While working for an established brand may be the dream of many marketers, those who have carved their own path and built startups bring something entirely new to the table. Entrepreneurs are hustlers by nature who are conditioned to face challenges head on and are always thinking of the cheapest, leanest way to operate. They're also stellar at building a product and a team from scratch.

Although some who believe "once an entrepreneur, always an entrepreneur" might think ex-founders are unemployable, if a marketer with an entrepreneurial spirit comes across the right company, they actually have the perfect skill set to be a great CMO.

In his book Chief Marketing Officers at Work, author Josh Steimle, an entrepreneur himself, conducted in-depth interviews with the marketing heads of SurveyMonkey, Audible and Virgin America, among other companies. During those conversations, he learned how these CMOs' startup backgrounds helped them excel in their corporate roles.

Builders Are An Asset To Any Company

Before joining SurveyMonkey as their VP of Marketing, a position she held until August, 2016, Ada Chen Rekhi had co-founded her own startup -- a professional contact management system called Connect HQ. She remembers being drawn to SurveyMonkey's growth story and the opportunity to start with a small team and build on from there. According to Chen Rekhi, her time as a founder has greatly influenced the way she builds marketing teams.

"The analogy I always give folks when I'm interviewing is there are people who know how to operate a car," Chen Rekhi said. "They can drive it, they can shift, they can make turns, they can use signals. They understand the rules of how you operate the car. Then, there's a set of people that understand fundamentally how the car works, and they're curious about going under the hood, understanding the engine, understanding how the parts interconnect, and tinkering with it."

"Since so much of our business and where we're going is fundamentally around building new processes and solving problems related to issues other people have not seen in the past, we need people who are excited about rolling up their sleeves and building the car. We're focused on curious people that are builders," she said.

Quick Thinking Is Key To Corporate Success

Louis Gagnon, who served as Audible's Chief Product & Marketing Officer until January, 2016, cut his teeth in marketing for years as a social entrepreneur for a big NGO in Rwanda. From that experience, he learned new ways to think and communicate.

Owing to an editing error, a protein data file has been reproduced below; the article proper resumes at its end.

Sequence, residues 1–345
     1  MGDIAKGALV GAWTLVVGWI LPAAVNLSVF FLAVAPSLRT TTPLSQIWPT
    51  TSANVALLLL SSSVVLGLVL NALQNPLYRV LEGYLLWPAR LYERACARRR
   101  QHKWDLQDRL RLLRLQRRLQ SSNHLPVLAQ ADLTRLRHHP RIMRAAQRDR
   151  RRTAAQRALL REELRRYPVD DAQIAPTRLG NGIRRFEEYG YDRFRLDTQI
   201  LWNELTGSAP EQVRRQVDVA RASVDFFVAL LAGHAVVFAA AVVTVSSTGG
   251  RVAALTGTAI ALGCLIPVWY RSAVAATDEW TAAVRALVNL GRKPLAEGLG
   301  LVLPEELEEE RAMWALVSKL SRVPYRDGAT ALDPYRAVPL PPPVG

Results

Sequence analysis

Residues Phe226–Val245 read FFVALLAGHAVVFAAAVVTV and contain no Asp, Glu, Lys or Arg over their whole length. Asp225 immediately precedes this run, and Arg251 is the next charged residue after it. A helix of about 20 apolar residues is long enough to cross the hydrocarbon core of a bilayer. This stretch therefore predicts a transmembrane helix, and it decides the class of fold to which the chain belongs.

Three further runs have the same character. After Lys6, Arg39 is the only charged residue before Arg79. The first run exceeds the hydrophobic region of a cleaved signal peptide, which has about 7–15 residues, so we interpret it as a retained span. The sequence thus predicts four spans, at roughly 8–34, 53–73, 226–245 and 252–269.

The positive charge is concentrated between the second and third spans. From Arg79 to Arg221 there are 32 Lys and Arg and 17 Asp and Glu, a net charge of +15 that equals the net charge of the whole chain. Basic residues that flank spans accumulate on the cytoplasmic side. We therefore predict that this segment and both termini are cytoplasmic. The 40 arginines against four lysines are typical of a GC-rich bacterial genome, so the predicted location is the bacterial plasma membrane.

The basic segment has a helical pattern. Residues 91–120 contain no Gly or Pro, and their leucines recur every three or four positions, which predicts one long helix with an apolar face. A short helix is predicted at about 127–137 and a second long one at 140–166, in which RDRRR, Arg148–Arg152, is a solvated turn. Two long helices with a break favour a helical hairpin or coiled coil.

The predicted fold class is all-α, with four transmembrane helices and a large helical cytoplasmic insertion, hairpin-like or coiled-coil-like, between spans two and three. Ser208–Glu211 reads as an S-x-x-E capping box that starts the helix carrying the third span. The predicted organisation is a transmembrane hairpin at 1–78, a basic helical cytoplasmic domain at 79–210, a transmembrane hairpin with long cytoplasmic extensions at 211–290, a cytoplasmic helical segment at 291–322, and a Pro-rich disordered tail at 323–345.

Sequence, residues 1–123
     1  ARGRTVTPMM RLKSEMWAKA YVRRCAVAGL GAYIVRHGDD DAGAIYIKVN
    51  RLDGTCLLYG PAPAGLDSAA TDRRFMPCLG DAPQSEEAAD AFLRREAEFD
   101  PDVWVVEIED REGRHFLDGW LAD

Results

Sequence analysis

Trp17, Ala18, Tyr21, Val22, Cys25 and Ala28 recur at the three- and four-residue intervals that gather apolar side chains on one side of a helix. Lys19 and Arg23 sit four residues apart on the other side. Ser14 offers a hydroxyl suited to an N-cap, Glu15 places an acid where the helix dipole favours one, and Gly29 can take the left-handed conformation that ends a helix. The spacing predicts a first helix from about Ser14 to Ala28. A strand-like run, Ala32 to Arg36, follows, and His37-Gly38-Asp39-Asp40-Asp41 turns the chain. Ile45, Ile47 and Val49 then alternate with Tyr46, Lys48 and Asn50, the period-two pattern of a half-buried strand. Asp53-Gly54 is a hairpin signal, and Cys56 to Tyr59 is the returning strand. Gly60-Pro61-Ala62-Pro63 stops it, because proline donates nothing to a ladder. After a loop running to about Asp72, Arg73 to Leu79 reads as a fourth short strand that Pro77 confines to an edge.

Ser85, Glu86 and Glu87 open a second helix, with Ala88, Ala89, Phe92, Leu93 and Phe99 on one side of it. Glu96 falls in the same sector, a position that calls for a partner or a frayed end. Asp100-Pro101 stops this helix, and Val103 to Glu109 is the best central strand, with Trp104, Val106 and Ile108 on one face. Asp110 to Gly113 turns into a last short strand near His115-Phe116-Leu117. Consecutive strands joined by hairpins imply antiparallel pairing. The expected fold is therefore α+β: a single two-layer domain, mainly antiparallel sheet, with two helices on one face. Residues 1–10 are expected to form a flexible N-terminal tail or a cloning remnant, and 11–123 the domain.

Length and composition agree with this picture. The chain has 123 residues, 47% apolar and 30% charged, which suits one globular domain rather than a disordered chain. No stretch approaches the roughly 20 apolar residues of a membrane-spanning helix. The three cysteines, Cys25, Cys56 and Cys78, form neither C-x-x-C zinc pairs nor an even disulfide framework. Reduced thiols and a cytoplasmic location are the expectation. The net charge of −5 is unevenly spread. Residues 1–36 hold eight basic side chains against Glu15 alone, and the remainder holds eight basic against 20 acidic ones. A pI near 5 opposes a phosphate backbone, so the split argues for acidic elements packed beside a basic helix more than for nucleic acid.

"You develop a reflex of thinking quickly about the scenarios in front of you and to think fast on your feet so you can communicate effectively and get where you want to be in an adaptive, dynamic manner. That is the skill that I've developed that is most precious," he said.

During his first pitches to a venture capitalist, he remembers the investor telling him that although his ideas were great, the presentation was far too long and ideas needed to be more concise. "That got me into thinking how I can work in hyperlink mode, where you can summarize or synthesize at a high level, then explode ideas as the audience requires," he said. "That is the skill."

Entrepreneurial Roots Bring Empathy To The Corporate World

Before joining Virgin America as their VP and CMO, and later becoming Senior Vice President Marketing for Virgin Atlantic, Luanne Calvert worked for years as a creative director at Google, a tech giant with startup roots and entrepreneurial culture. She was also the founder and CEO of Mixed Marketing, an agency specializing in buzz marketing. During her entrepreneurial pursuits, Calvert said that the best skill she's picked up is empathy.

"You learn to empathize with what agencies are going through," she said. "Empathy is a big part of what can make a good environment and the ability to collaborate. Empathy is definitely a big one and so is trying to pay the bills on time. People forget that the agencies need to get paid on time. I've been on the other side of that and we do a good job with that."